In several species, the presence of males decreases the lifespan of the opposite sex. Why this should be isn’t entirely clear. In the case of the common laboratory roundworm, known as Caenorhabditis elegans, several causes of “male-induced demise” have been considered. Simple crowding is a possibility, as is physical damage due to the rigors of mating. These abuses, however, may not account for the male roundworm’s ability to dispose of his opposite number, the roundworm hermaphrodite. In fact, recent research indicates that the male roundworm is a subtle killer.

At the Stanford University School of Medicine, researchers have discovered that males of the laboratory roundworm secrete signaling molecules that significantly shorten the lifespan of the opposite sex. The scientists speculate that, if carried out after reproduction, this male-induced demise could serve to conserve precious resources for a male’s offspring or to decrease the supply of mates for other males.

The researchers published their results November 28 in Science, in a paper entitled “Males Shorten the Life Span of C. elegans Hermaphrodites via Secreted Compounds.” In their paper, the authors write: “The male-induced demise could occur without mating and required only exposure of hermaphrodites to medium in which males were once present. Such communication through pheromones or other diffusible substances points to a nonindividual autonomous mode of aging regulation.”

The continuous presence of young males shortened the average lifespan of C. elegans hermaphrodites by more than 20%. This effect persisted even when the genders were prevented from co-mingling, or when the hermaphrodites were sterile. Affected hermaphrodites also displayed symptoms of aging including slower movement, an increased incidence of paralysis, general decrepitude, and structural decline.

These deleterious effects were less marked, however, in certain circumstances. “Males that are deficient in pheromone production no longer induce a strong premature demise of hermaphrodites,” observed the study’s senior author Anne Brunet, Ph.D. an associate professor of genetics. “And hermaphrodites that cannot sense pheromones are resistant to male-induced demise.”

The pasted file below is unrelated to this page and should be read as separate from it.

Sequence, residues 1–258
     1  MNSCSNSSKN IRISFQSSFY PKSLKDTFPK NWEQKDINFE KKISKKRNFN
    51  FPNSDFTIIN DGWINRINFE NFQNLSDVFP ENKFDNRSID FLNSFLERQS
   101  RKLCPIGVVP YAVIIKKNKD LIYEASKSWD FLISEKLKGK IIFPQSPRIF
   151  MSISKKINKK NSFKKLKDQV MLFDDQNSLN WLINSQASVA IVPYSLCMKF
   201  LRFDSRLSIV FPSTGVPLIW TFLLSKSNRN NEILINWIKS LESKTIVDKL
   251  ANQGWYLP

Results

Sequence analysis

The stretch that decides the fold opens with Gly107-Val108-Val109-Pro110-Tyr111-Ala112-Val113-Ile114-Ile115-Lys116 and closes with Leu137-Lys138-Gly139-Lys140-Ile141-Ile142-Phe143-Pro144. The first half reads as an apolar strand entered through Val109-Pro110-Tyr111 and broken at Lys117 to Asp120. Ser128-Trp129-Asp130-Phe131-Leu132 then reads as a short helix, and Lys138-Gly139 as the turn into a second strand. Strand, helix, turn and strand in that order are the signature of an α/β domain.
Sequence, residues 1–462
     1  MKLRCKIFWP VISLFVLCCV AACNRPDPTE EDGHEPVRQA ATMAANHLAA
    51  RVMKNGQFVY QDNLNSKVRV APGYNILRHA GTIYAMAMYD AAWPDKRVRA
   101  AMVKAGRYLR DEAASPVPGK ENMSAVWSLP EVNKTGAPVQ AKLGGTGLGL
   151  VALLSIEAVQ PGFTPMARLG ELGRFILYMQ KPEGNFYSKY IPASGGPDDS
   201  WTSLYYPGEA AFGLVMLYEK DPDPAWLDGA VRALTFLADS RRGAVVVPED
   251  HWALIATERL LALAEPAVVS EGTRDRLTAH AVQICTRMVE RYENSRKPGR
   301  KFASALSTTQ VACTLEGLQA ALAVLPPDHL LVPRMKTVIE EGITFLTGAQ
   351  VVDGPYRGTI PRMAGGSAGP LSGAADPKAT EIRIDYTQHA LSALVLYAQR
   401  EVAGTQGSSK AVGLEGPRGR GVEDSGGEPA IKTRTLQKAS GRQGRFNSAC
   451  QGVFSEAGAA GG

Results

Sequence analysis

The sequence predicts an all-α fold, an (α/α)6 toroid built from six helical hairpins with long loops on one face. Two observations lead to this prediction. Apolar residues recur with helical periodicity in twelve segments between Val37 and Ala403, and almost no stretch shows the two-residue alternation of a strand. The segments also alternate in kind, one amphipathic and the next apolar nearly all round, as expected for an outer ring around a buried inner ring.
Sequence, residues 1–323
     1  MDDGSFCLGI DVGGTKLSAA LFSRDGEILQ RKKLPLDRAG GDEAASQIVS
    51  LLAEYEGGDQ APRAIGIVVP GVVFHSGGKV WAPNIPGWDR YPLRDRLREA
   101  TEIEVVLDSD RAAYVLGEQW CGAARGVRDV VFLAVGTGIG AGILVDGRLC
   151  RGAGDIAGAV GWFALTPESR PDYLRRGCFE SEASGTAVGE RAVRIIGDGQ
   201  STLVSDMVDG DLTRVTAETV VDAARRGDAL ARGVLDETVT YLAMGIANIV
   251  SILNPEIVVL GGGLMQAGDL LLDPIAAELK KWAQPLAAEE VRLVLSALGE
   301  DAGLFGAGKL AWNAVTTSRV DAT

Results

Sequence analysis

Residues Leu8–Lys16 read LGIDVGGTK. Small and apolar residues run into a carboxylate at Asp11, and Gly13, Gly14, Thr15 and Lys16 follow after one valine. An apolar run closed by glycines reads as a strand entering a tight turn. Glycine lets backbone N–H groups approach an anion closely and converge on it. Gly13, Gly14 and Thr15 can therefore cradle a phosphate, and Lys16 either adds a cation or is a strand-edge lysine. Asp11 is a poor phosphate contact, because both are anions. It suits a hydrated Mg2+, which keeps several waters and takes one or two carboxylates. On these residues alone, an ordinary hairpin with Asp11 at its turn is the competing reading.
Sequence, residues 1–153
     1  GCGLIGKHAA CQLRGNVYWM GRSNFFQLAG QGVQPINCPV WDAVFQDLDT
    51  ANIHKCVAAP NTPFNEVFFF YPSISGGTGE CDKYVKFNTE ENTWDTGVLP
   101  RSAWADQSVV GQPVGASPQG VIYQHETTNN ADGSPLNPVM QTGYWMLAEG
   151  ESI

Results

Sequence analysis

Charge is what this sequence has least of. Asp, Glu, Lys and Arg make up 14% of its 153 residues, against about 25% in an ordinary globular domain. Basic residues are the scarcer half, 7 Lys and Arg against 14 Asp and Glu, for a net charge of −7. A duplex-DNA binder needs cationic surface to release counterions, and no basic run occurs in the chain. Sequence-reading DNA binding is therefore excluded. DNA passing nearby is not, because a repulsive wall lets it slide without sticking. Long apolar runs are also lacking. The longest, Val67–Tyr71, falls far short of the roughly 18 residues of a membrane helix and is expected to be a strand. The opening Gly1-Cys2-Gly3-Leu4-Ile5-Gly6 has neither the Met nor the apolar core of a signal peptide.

The pheromones involved have yet to be identified, and it is still unclear how or when they are secreted. Nonetheless, pheromones do seem to be at play. Their effects became evident when the researchers investigated the gene expression profiles of the affected hermaphrodites.

In particular, the scientists observed large changes in hermaphrodite gene expression that occurred only in the presence of males. Many of these changes affected genes expressed in neurons or involved in neurodegenerative diseases. Blocking the expression of one gene in particular, an insulin-like peptide known as INS-11, specifically impeded male-induced demise.

“We’ve found that males induce the expression of a large number of genes involved in sensation and signaling in hermaphrodites,” said Dr. Brunet. “This raises the possibility that the male-induced demise is not just due to the physical stress of copulation but instead involves some degree of active signaling.” The harm experienced by nonmating hermaphrodites could be due to seminal fluid secreted by males that attempting unsuccessfully to mate with other, nearby males.

Musing on the potential adaptive benefits of male-induced demise, Dr. Brunet remarked that it would be “interesting, of course, to determine whether males also affect the lifespan of females in other species, particularly mammals.”

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